THURBERAnd so there's some consensus about support for training, but Speaker Boehner, on the House side, has his problem of a mix of pro-war people and conservative worries about a lame-duck session. Let me get into this. Because if they pass a C.R. that only goes to early December, then there will be a lame-duck session. And there will be people who have lost -- Democrats -- that are willing to do all kinds of things in that budget to extend it. So there's some people who say, well, let's extend this C.R. to March. So that's the battle that's going on right now.
THURBERBut there's a division in the Democratic Party and the Republican Party in both the House and the Senate, and differences between the House and the Senate. And the president doesn't have unified party government. Obviously it's divided party government. And under those circumstances we know statistically that presidents do very poorly. Plus, he's down in the polls and we've got an election coming.
PAGELet's go to Charlotte, N.C., and talk to Pam. Pam, thanks for being patient and holding on.
PAMThank you very much. Some of your commentators have touched on this already, including yourself. And it's the ambivalence of the public as to which way -- what action we do want to take. One morning I wake up and I feel like yes, we need to take some action over in that part of the world. And the next day I wake up and say, no, no, you know, war is wrong and we just shouldn't be getting involved in ancient old disputes.
PAGEPam, that is -- I'm so glad you called because I think a lot of Americans feel that way. And, Margie, we've talked about the war weariness a lot of Americans feel. On the other hand, the USA Today/Pew Research Center poll, the NBC/Wall Street Journal poll, other surveys have shown an increasing willingness, more support for engagement in the world, than we've seen in recent past.
OMERORight. Absolutely. And Washington Post poll show the same thing. I think the concern -- I think Americans break it down like this. That this is a concern. We need to take some action. We'd like to see Washington take some decisive action on any issue, which they don't feel is happening. However, our concern is that this ends up becoming like our previous engagements where it just drags on too long.
OMEROWe don't have a plan to exit. However, that's tempered by the sense that the president is not interested in that kind of effort. He's not interested in a protracted, cavalier kind of engagement.
BAKERI think the president wakes up every morning like Pam. You know, one morning he thinks -- right -- we've got to do something. This is a terrible threat. And the next morning he wakes up, this is crazy. Why are we going to do this again? And I think he reflects, you know, a broader public ambivalence out there. And maybe that's a good thing and maybe that's not a good thing. We want our president to tell us what to think. Right? We want him to lead, not necessarily follow.
OMEROI think ambivalence is different than it's not clear what the precise answer is.
OMEROThat's different than maybe ambivalence.
THURBERPlus, he's got not only ISIS -- that's what we're talking about here. He's got Putin in Ukraine. He's got China threat. He's got Afghanistan withdrawing troops, with the Taliban looking like a threat. Yemen, Somalia, Libya -- which we're not talking about -- Pakistan. He's got so many things on the plate, it's very hard for him to focus. But he has focused on ISIS. That's what people are reacting to, but other things can crop up easily, especially Afghanistan.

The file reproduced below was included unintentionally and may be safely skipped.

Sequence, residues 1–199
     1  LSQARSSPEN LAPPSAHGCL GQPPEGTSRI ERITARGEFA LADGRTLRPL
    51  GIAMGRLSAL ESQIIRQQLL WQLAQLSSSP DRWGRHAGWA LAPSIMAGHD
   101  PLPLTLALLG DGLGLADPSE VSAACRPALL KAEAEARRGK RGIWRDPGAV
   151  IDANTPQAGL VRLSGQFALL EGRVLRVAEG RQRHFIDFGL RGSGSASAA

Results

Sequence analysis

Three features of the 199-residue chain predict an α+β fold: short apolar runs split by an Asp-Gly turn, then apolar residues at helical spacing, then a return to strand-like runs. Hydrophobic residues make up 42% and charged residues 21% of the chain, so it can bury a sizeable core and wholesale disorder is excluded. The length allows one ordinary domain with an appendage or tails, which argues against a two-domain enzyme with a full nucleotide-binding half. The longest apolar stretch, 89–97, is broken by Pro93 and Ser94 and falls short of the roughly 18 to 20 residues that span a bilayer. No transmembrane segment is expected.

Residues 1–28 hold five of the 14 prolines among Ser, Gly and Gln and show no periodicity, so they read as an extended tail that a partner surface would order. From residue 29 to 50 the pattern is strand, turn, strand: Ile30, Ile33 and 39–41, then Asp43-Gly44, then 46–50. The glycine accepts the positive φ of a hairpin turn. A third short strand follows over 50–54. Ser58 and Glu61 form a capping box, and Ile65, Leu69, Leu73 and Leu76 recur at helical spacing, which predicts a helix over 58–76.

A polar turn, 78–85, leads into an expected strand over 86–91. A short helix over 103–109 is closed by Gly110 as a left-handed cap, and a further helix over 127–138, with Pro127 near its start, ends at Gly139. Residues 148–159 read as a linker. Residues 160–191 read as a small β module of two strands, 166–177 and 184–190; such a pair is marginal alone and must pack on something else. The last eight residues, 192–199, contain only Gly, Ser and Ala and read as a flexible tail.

PAGEJohn is calling us from South Bend, Ind. Hi, John.
JOHNHi. I just wanted to ask the panel, since they're members of the media, why Dick Cheney gets to stand up and say anything? He was on -- he gave a speech somewhere yesterday, basically lecturing and blaming Obama for ISIS. He knew, back in the first Gulf War when he was a secretary, George H.W. Bush's -- his -- one of his appointees. I don't remember exactly the position. But he said he was asked then what would happen, why didn't we take out Saddam Hussein, why didn't we finish that.
JOHNAnd he explained succinctly that we would -- there would be chaos and sectarian fighting. And there's no one to take his place. He knew exactly what he was doing and, yet, now he gets to stand up and say anything. I would just like to tell Dick, sit down and shut up.
PAGEAll right. John, thanks for calling. But note that we just have one member of the media on our panel. That would be Peter Baker from the New York Times. So I'll send the question to him.
BAKERWell, you know, look, I mean that's the question that he and the Republicans need to face. I think, you know, his message may be a legitimate message, but is it tarnished because of the messenger? Right? Are people willing listen to him deliver that message or should the Republicans have somebody else to deliver it? And I think that he speaks out in part because he feels very passionately about these issues. I think he thinks the country is at risk and that President Obama's handled it very poorly.
BAKERAnd he's trying to not just criticize President Obama, but actually shape his own party's direction at a time when the Republicans are split between isolationism and interventionism between, you know, his form of hawkish national security versus a more, you know, let's stay at home kind of view of things. And he's trying to push his own party in a direction that it's not quite certain they want to go anymore.